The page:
In the next years more lots were acquired to protect the riparian areas. With the expiration of the MOU with the POA, Land Trust properties became liable for dues. To solve this impossible-to-bear expense, the Land Trust negotiated with the POA to be relieved of dues if the properties were re-zoned as Open Space by Saguache County. This was achieved and in July, 2008, the POA Board of Directors unanimously approved Diane Dunlap’s motion to have the Association waive the annual dues in perpetuity. Two additional lots were acquired by the Land Trust for the community, re-zoned as Open Space, and similarly processed by the County and the POA Board. The fact that the County waived its taxes and the POA agreed to waive their dues assessments enabled the Land Trust to accept the properties, thereby adding to the POA’s valuable open space. Without this implicit contract these lots, all near streams in the Grants, may have been developed, with the permanent loss of aesthetically and biologically valuable ecosystems.

Problems with $$ and the POA

This plan worked well until 2014 when a member of the POA Board (both Nigel Ferguson and Bruce McDonald claimed “credit” for it) instructed some employee (responsibility denied all around) to send out dues assessments to the Land Trust for all Open Space properties. No action validating this action was ever posted by the Board of Directors. The bill was for about $10,000, an amount which would devastate the Land Trust and would presumably recur annually. However, since the lots were safely zoned “Open Space” it hardly seemed worthwhile to enter expensive litigation and the lots in question were transferred to the POA via Quit Claim for the princely sum of $10. The Land Trust continues to monitor the properties under Conservation Easements, as well as to observe the stability of the Open Space areas. No new properties have been acquired for the obvious reason that owning property in the POA ends up being too expensive for us.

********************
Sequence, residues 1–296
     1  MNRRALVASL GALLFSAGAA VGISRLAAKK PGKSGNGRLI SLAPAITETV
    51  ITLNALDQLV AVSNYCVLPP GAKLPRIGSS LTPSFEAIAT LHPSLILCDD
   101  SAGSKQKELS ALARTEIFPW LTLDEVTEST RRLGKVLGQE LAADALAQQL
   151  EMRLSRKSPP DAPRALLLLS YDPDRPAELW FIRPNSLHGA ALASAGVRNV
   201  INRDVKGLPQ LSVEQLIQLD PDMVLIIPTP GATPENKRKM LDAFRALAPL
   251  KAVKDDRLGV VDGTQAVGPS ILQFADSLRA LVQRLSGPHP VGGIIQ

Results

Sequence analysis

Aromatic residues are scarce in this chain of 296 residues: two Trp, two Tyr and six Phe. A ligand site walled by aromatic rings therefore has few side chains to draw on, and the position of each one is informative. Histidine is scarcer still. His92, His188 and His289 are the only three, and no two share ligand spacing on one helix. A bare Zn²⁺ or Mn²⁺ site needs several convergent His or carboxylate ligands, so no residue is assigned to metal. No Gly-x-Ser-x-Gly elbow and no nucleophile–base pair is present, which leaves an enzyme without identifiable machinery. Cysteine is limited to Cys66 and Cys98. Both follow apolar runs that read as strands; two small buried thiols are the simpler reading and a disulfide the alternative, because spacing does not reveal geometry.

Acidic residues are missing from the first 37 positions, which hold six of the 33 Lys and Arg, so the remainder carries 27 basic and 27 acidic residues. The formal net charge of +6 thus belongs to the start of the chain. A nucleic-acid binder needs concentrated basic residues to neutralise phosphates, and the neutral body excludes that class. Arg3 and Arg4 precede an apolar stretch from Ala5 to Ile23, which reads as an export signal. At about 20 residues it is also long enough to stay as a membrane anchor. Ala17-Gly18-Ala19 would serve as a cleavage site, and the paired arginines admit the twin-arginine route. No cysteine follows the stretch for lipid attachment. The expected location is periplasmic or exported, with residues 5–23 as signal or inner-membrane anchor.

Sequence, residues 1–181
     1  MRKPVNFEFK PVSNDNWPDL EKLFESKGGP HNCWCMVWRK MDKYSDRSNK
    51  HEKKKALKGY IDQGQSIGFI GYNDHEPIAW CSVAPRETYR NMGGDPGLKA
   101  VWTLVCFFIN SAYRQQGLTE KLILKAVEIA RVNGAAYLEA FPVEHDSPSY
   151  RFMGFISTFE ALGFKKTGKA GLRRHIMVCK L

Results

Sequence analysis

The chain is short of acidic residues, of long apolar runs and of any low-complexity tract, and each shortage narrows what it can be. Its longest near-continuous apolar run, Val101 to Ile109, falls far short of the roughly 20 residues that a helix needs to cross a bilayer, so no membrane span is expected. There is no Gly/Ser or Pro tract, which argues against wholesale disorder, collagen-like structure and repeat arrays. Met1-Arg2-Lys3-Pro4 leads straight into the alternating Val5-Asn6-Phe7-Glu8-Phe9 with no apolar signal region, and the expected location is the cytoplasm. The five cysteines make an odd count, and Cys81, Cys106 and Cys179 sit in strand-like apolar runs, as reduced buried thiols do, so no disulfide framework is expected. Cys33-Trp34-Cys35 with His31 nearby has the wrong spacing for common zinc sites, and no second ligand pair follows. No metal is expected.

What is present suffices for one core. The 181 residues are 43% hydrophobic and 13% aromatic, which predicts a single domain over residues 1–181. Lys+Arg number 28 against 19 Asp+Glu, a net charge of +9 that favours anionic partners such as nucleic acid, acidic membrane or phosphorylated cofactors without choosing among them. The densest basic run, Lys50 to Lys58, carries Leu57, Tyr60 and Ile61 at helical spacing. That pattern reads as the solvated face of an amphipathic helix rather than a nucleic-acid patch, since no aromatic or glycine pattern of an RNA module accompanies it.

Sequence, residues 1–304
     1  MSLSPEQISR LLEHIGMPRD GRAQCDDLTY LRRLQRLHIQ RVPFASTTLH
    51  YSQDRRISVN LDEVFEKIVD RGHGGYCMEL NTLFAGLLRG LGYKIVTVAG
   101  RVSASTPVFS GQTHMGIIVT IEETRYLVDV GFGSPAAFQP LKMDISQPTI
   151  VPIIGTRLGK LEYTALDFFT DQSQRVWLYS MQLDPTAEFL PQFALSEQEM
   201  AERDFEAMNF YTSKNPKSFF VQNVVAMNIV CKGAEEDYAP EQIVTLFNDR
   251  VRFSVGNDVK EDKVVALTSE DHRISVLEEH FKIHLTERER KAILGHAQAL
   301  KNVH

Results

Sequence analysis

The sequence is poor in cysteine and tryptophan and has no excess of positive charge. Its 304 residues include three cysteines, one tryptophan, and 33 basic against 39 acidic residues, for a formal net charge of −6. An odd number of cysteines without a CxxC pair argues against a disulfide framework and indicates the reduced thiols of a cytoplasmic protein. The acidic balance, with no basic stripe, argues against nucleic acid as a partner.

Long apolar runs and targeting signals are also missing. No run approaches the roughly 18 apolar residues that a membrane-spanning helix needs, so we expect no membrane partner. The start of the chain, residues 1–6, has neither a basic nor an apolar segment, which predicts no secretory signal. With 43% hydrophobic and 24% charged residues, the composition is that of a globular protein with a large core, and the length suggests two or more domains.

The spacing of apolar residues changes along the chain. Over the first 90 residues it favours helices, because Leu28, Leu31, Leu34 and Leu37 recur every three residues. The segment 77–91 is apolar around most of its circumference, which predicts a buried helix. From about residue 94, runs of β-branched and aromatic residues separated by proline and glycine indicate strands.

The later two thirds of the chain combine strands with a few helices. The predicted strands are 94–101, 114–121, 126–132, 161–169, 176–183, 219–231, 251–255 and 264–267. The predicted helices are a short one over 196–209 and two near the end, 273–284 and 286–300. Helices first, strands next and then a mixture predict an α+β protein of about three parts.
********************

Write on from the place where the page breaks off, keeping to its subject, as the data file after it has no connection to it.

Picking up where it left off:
Committee for Natural Surroundings

As early as 2004 Kelly Hart of the Baca Grande Environmental and Architectural Committee (E&AC) and Kim Malville of CBLT, suggested the establishment of an advisory relationship of the Land Trust with the POA’s E&AC. They suggested that building proposals that appear to impact on open space, wildlife corridors, community parks, or ecologically sensitive lands could be referred by the E&AC to the CBLT for a timely consultation. In 2010 the POA established a Committee for Natural Surroundings whose purpose was to be “to identify best practices and provide recommendations to the Board for building and development in the POA that will allow members to develop their property while still protecting the natural environment”’. The first members appointed were Bill Sutherland, Julie Reinhart-Sutherland, and Tom Tucker (Glider). The committee was to function strictly through the Board only as an information-gathering body. There was turnover in the committee’s membership and it is at present dormant, perhaps dead because of its designated “ad hoc” status. This committee had failed “to consider environmental rules”, but perhaps it is not necessary to make new or expanded rules. Perhaps a general statement of principles of living in our particular environment could be a starting point for the formation of a new committee, one which might serve as a source of enviro/eco information and guidance to balance the concerns of the E&AC “to preserve, protect, and enhance property values within the Planned Community” (Articles of Incorporation for the BGPOA, 2001). Being a standing committee with authority comparable to that of the E&AC could lend visible support to the factors that hold most of us close to our community.

Lexam oil & gas development threat

Recent arrivals to Baca/Crestone may be unfamiliar with some events that galvanized community action. The property of the Baca National Wildlife Refuge (NWR) was situated on a “split estate”, and owned only the surface of the land, not any subterranean minerals or such. In 2006 Lexam Explorations, chiefly in gold-mining but in this case seeking hydrocarbons, sought to explore within the NWR. They proposed drilling two 14,000ft exploratory wells. This plan was approved by the Department of Interior/Fish and Wildlife Service (FWS) in a contract formulated in part by Lexam, a Canadian company. The area was considered by the US Geologic Survey to merit only a 0,03% chance of finding developable minerals. In September, 2007, US District Court Sr. Judge Walker Miller granted a Preliminary Injunction, considering among several reasons that the government never even considered buying the mineral rights, despite their acquisition was only omitted from the original federal legislation because it was expected to take too long and instead could be carried out later.

Much pressure was applied to the FWS to conduct a full Environmental Impact Statement (EIS) to overcome the deficiencies of their initial assessment. This was completed, but it continued to neglect or undervalue important concerns. Perhaps the subject was too “soft”, but little to no concern was addressed to issues of the spiritual nature of the region, both of Native Americans and the many spiritual organizations which have created centers here.